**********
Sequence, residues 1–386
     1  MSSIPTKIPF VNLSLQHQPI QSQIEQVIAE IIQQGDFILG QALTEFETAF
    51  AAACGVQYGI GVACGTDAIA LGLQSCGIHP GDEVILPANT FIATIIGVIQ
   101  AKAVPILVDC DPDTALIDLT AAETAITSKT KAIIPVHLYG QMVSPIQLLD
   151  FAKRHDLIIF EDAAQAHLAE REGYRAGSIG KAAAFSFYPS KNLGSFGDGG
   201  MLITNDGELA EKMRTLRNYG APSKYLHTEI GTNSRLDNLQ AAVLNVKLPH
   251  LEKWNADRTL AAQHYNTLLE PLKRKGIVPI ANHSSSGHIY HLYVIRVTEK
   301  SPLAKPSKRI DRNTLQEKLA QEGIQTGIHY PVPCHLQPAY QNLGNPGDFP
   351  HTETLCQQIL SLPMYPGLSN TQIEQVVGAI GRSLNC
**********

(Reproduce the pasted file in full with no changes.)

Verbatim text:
Sequence, residues 1–386
     1  MSSIPTKIPF VNLSLQHQPI QSQIEQVIAE IIQQGDFILG QALTEFETAF
    51  AAACGVQYGI GVACGTDAIA LGLQSCGIHP GDEVILPANT FIATIIGVIQ
   101  AKAVPILVDC DPDTALIDLT AAETAITSKT KAIIPVHLYG QMVSPIQLLD
   151  FAKRHDLIIF EDAAQAHLAE REGYRAGSIG KAAAFSFYPS KNLGSFGDGG
   201  MLITNDGELA EKMRTLRNYG APSKYLHTEI GTNSRLDNLQ AAVLNVKLPH
   251  LEKWNADRTL AAQHYNTLLE PLKRKGIVPI ANHSSSGHIY HLYVIRVTEK
   301  SPLAKPSKRI DRNTLQEKLA QEGIQTGIHY PVPCHLQPAY QNLGNPGDFP
   351  HTETLCQQIL SLPMYPGLSN TQIEQVVGAI GRSLNC